Global coalition recognises Mexico City’s work on streets around schools
Mexico City’s efforts to improve the design and management of routes to and from school for children have been recognised at the inaugural Partnership for Healthy Cities Summit.
It was one of five cities commended for its work to improve public health, and protect the health and wellbeing of citizens living in urban settings around the world.
Set up in 2017, the Partnership for Healthy Cities is a collaboration of 70 cities, all of whom were invited to work towards addressing a particular problem important to local people. It is supported by the Bloomberg Philanthropies charitable organisation, along with the World Health Organization and Vital Strategies, a public health campaigning body.
‘Addressing a particular problem’
Organisers say this summit in London was about highlighting best practices and proven interventions, which is especially important as public health is at risk of becoming less of a priority three years after the start of the COVID-19 pandemic.
Mexico City has been recognised for improving road safety and safe and active mobility, and its work has included launching a bike path on a busy road that led to a 275 per cent increase in cyclists. It also improve the design and management of roads close to schools, and implementing a shared lane for cyclists.
As one of five winning cities, Mexico City will receiving US$150,000 to further its work with the partnership.
Michael R. Bloomberg, founder of Bloomberg LP and Bloomberg Philanthropies, 108th mayor of New York City, : “Noncommunicable diseases and injuries pose the number-one threat to global public health. Mayors worldwide are increasingly uniting to confront it, and the Partnership for Healthy Cities will continue to support their urgent and lifesaving work.
“Our network’s first-ever summit showcased the best of local public health leadership, and given the gains achieved by our inaugural award winners, we expect even more leaders will follow in their footsteps as they create healthier, more vibrant cities.”
Dr Tedros Adhanom Ghebreyesus, WHO Director-General, added: “The five cities being recognized today demonstrate that mayors can drive powerful progress to protect the health of their citizens. WHO remains committed to working through the Partnership for Healthy Cities to support mayors around the world to build cities that promote and protect health, rather than harm it.”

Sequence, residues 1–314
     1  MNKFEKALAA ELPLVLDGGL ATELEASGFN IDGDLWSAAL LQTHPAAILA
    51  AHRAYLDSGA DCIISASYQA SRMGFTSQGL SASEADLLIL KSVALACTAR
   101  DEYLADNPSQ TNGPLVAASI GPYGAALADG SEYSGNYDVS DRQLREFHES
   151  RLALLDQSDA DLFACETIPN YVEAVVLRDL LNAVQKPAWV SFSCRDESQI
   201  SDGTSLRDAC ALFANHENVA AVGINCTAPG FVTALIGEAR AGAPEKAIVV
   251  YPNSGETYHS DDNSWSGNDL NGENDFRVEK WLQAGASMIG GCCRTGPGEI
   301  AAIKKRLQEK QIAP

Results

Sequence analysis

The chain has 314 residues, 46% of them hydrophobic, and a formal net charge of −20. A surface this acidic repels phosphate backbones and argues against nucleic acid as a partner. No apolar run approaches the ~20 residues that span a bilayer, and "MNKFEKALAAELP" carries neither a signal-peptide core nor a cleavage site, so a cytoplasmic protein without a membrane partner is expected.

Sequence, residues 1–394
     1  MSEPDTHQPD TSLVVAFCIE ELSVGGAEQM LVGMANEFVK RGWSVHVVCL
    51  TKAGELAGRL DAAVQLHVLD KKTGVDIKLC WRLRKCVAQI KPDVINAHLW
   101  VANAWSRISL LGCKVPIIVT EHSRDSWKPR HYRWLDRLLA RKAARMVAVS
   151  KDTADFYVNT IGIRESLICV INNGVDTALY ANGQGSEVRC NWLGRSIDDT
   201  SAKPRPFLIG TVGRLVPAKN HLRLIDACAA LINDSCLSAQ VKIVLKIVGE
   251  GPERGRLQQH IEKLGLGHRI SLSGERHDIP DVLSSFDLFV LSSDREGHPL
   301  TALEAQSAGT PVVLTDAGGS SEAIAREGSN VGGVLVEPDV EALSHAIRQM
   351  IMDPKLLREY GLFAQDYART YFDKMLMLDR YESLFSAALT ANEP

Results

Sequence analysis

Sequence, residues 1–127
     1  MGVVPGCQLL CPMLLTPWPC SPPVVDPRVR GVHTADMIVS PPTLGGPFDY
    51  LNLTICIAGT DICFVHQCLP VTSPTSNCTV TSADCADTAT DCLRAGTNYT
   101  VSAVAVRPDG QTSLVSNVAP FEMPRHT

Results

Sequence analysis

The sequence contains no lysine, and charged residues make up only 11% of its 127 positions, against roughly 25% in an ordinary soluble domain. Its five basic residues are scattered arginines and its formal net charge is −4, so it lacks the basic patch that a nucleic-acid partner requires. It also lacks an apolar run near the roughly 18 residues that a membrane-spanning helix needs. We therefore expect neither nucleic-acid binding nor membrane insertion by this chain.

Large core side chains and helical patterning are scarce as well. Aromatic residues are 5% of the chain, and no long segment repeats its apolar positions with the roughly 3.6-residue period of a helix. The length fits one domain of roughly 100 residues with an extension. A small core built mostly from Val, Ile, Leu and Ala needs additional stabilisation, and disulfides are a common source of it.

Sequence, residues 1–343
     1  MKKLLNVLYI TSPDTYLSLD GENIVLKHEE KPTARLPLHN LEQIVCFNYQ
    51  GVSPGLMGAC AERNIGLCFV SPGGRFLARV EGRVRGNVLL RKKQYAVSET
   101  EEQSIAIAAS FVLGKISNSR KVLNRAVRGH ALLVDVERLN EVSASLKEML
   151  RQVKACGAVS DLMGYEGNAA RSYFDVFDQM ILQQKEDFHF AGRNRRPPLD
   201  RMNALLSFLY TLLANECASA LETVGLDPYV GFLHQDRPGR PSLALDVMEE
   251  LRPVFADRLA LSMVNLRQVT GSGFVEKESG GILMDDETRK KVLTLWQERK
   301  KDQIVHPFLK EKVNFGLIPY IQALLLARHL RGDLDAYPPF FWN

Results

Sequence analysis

‘We expect leaders to follow in their footsteps’
Athens, Bengaluru, Montevideo and Vancouver were the other winners, and were recognised for work in areas such as tobacco controls, food standards and public health data tracking processes.
“Cities are places where health can be produced or compromised,” said José Luis Castro, President and CEO, Vital Strategies. “We applaud the work of urban leaders around the globe in their efforts to create healthier, stronger and more equitable cities. We are eager to continue our work supporting cities with the tools and resources needed to bring proven solutions that prevent noncommunicable diseases and injuries to fruition.”
In 2021, the partnership launched the Policy Accelerator to support an initial cohort of 15 cities in the network to create and adopt strong public health policies and to institutionalize development processes for future policy. A second cohort of cities are also set to be announced.
Click here for more on the summit and the partnership.
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